Kerry Badminton Association was founded in KPH Hall, Nelson Street, (Now Ashe Street) on November 4th 1936 with eight clubs joiing that night – Kerry Protestant Hall, Kenmare, Tralee, Dingle, TCLS, Killarney, Listowel and Caherciveen clubs. The first officers that were elected on that night were: Chairman, Mr Archie Waterstone; Hon Secretary, Mrs Bessie Waterstone, and Hon Treasurer, Mrs J Counihan, all of Tralee.
The first juvenile and adult competitions were held that weekend, Saturday & Sunday, November 5th & 6th 1936 in Tralee.
Currently there are eight Senior (Adult) clubs in Kerry – Annascaul Badminton Club, Ballybunion Badminton Club, Ballyheigue Badminton Club, Iveragh Badminton Club, Killarney Badminton Club, Kingdom (Castleisland) Badminton Club, Listowel Badminton Club and Moyvane Badminton Club. Tralee was once home to four Senior clubs and it is hopeful that a Senior club will be established over the next while. Badminton among kids is popular and as a result there are ten juvenile clubs in Kerry which include all of the above (with exception of Ballybunion) along with Abbeydorney Badminton Club, Milltown Badminton Club and Tralee Badminton Club. There are currently over 350+ Senior Members and 470+ Juvenile’s members affiliated with Kerry Badminton Association.
During the badminton calendar year which generally runs from September to May, Kerry Badminton Association has over 18 individual competitions for both juveniles and seniors/ adults. During the season also, ladies, men and mixed leagues take place. Munster and All Irelands also take place.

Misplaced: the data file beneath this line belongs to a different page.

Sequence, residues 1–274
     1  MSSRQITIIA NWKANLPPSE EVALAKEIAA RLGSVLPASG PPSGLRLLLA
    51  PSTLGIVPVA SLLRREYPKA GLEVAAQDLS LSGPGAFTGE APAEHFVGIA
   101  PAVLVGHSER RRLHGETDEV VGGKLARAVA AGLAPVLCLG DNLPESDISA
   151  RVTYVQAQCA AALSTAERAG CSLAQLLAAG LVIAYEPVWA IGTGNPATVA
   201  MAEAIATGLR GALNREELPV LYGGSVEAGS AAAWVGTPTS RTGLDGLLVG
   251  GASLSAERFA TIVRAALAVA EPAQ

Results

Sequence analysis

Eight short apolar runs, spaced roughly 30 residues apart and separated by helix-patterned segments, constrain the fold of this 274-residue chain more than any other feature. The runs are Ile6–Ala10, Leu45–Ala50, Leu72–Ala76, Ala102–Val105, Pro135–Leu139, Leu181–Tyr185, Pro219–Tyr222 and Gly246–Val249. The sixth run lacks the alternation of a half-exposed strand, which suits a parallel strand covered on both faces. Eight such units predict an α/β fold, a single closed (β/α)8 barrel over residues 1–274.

Badminton Ireland (formally the Badminton Union of Ireland) is the National Governing Body for Badminton clubs and leagues in Ireland and Northern Ireland. As of January 2019, there are more than 16,000 registered players. One of the oldest badminton tournaments in Ireland is the Irish Open which started in 1902 and continues to this day where recent years of the competition have been televised.
Did you know?
- A badminton court should be 6.1m wide by 13.4m long
- A badminton court’s lines are typically 38mm thick
- The net should be 1.55m high at the poles, but it should be lower in the middle – 1.52m
- The laws of badminton don’t specify a minimum ceiling height for a court. Ideally the ceiling should be high enough so that clears and high serves won’t be restricted
- Most badminton racquets weigh between 70 and 95 grams before strings or grips are added
- Shuttlecocks were traditionally made from feathers that are gathered from the left wing of a goose. It takes about 16 feathers to make the shuttlecock
- Before badminton was called “badminton”, it was referred to as shuttlecock and battledore. The badminton name came from an estate called Badminton House in Gloucestershire, England
- The international badminton federation was founded in 1934. There were nine initial members: Canada, Wales, Denmark, Scotland, Ireland, England, New Zealand, France and Netherlands. Today there are 197 members.
- Badminton made its Olympic debut at the 1992 games, and it was seen on television by over 1.1 billion people
- Badminton ranks number two in the most popular participation sports In the world, behind soccer/ football.
- The record for the worlds shortest badminton match is six minutes, between players Ra Kyung-min of South Korea and Julia Mann of England at the 1996 Uber Cup
- The record for the longest badminton match is 124 minutes, between Peter Rasmussen of Denmark and Sun Jun of China, at the 1977 World Championships
- Badminton is the fastest racquet sport in the world—shuttles can reach speeds of over 200 miles per hour
- Badminton involves a lot of physical activity. Just by playing it for an hour, you’ll burn around 400-550 calories which are marked as the highest among all sports.